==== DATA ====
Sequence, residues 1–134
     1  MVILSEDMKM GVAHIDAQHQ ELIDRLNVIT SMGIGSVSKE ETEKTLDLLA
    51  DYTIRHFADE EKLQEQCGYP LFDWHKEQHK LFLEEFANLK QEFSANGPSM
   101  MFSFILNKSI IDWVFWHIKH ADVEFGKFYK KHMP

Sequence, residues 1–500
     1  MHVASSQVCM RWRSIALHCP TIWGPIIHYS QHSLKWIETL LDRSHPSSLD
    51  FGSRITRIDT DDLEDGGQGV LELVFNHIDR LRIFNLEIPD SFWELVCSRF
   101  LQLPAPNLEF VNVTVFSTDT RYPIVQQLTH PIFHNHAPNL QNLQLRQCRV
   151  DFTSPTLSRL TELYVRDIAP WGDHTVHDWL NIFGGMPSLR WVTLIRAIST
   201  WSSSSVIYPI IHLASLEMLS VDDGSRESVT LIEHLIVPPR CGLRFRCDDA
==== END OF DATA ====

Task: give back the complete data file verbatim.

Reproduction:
Sequence, residues 1–134
     1  MVILSEDMKM GVAHIDAQHQ ELIDRLNVIT SMGIGSVSKE ETEKTLDLLA
    51  DYTIRHFADE EKLQEQCGYP LFDWHKEQHK LFLEEFANLK QEFSANGPSM
   101  MFSFILNKSI IDWVFWHIKH ADVEFGKFYK KHMP

Sequence, residues 1–500
     1  MHVASSQVCM RWRSIALHCP TIWGPIIHYS QHSLKWIETL LDRSHPSSLD
    51  FGSRITRIDT DDLEDGGQGV LELVFNHIDR LRIFNLEIPD SFWELVCSRF
   101  LQLPAPNLEF VNVTVFSTDT RYPIVQQLTH PIFHNHAPNL QNLQLRQCRV
   151  DFTSPTLSRL TELYVRDIAP WGDHTVHDWL NIFGGMPSLR WVTLIRAIST
   201  WSSSSVIYPI IHLASLEMLS VDDGSRESVT LIEHLIVPPR CGLRFRCDDA